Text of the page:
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Year's first war casualty laid to rest in Arlington National Cemetery

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Mourners follow the funeral procession for Army Sgt. Aaron X. Wittman on Friday, Feb. 8, in Arlington National Cemetery in Arlington, Virginia. Getty Images

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By The Washington Post
Saturday, Feb. 9, 2013, 5:48 p.m.

A crowd of more than 100 family members, friends and uniformed service members marched slowly and quietly on Friday down a hill in Arlington National Cemetery following Army Sgt. Aaron X. Wittman's coffin, draped with an American flag and carried on a horse-drawn caisson.

Wittman, 28, was the first U.S. casualty of this year.

On a bleak, cloudy afternoon, the Chester, Va., native was buried with full military honors in Section 60, where those killed in Iraq and Afghanistan lie. The crowd gathered around the coffin and bowed their heads as Army Chaplain Maj. Boguslaw Augustyn spoke to Wittman's family.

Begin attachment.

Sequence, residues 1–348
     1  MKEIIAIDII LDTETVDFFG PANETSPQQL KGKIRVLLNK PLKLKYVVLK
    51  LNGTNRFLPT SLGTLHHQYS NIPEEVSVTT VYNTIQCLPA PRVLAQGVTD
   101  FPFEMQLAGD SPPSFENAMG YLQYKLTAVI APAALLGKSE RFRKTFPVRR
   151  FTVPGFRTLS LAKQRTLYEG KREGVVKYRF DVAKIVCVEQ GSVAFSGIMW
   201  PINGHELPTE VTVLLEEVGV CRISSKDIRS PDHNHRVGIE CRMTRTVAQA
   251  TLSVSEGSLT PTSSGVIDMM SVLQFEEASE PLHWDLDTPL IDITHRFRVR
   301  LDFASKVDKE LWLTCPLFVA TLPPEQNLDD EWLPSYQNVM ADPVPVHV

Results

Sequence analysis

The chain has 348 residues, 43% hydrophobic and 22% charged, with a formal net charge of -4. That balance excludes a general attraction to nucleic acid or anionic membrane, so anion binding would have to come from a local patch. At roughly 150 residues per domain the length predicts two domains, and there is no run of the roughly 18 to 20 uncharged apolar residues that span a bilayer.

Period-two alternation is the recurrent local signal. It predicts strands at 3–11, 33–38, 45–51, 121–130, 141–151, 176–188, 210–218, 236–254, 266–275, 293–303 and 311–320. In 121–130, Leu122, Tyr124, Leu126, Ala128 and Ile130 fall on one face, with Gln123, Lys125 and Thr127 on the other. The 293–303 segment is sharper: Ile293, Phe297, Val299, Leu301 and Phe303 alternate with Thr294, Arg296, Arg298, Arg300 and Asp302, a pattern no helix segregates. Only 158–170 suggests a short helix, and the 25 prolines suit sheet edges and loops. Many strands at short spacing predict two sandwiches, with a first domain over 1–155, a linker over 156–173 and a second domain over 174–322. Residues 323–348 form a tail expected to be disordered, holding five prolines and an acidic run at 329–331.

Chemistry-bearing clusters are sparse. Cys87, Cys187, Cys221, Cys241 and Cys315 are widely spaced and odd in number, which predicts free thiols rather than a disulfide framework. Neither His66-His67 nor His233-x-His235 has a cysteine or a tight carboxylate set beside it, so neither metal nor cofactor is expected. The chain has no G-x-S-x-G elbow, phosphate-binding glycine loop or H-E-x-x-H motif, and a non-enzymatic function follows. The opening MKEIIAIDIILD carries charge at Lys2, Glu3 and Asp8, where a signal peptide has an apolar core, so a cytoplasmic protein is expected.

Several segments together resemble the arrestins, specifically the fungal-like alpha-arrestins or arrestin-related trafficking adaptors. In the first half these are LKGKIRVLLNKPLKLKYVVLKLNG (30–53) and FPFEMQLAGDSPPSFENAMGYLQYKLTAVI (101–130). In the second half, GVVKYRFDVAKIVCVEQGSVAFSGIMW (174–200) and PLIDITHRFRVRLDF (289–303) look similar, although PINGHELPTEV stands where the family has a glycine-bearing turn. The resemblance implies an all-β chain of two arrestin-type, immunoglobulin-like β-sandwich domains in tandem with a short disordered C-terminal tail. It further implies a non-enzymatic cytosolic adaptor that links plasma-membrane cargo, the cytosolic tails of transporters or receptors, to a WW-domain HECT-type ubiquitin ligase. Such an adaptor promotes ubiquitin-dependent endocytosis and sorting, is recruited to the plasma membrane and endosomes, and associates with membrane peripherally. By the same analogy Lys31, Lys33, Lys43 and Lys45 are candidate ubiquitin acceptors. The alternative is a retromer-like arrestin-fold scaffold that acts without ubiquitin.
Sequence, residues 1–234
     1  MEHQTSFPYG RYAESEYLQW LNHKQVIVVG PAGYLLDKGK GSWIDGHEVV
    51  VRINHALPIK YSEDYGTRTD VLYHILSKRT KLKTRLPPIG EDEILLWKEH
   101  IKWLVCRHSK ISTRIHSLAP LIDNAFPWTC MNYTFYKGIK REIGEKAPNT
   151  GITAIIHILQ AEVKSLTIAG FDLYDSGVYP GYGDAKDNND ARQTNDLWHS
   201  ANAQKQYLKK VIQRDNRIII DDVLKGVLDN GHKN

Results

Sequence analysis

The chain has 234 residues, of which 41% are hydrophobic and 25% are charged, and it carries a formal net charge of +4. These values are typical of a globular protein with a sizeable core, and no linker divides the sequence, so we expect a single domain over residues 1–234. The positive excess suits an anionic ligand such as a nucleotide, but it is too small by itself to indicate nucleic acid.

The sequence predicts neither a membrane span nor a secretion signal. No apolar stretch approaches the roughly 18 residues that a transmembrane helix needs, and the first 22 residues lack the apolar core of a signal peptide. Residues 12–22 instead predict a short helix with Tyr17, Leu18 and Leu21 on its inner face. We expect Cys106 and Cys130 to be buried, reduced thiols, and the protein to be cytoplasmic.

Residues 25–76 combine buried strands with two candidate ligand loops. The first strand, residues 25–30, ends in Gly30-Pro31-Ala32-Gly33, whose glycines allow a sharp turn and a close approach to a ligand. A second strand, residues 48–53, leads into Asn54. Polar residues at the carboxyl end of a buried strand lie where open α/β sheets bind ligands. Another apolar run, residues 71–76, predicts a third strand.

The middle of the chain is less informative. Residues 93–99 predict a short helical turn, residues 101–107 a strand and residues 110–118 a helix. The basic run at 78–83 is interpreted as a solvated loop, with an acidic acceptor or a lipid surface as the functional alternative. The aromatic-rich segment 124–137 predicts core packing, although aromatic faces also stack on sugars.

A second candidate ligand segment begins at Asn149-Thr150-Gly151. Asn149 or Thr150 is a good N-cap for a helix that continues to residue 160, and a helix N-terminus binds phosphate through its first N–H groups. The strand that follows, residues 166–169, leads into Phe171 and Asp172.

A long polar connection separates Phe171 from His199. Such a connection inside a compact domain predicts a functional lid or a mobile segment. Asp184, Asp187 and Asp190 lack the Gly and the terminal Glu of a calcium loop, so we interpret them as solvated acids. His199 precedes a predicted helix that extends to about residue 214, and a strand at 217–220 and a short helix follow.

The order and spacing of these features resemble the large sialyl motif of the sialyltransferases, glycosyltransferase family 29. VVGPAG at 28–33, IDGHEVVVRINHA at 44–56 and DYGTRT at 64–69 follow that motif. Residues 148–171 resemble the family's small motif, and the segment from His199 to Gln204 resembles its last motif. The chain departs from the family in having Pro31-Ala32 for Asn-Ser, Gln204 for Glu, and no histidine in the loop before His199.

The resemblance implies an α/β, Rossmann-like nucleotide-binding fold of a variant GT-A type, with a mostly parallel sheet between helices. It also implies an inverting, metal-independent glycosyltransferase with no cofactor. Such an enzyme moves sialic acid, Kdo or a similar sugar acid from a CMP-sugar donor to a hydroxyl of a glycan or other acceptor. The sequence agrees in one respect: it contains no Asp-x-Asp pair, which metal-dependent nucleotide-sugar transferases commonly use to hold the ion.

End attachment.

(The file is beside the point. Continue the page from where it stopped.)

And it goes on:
The silence of the crowd was broken by three rifle volleys from a firing party and a solemn chorus of taps by a bugler from the Army Band, “Pershing's Own.” Wittman's parents, Bertha and Duane, were then given the American flag by Maj. Gen. Thomas C. Seamands as the band played “America the Beautiful.”

Wittman's parents were also given two cards by Bobbi Green, a representative of the Arlington Ladies, a volunteer group representing Army leadership whose members attend every soldier's funeral in the cemetery. One of the cards was from Green; the other was from the chief of staff of the Army, Gen. Raymond Odierno.

Wittman was killed Jan. 10 while serving in the Khogyani District of Nangahar province in Afghanistan. While on mounted patrol, he was hit by a rocket-propelled grenade, the Defense Department said.

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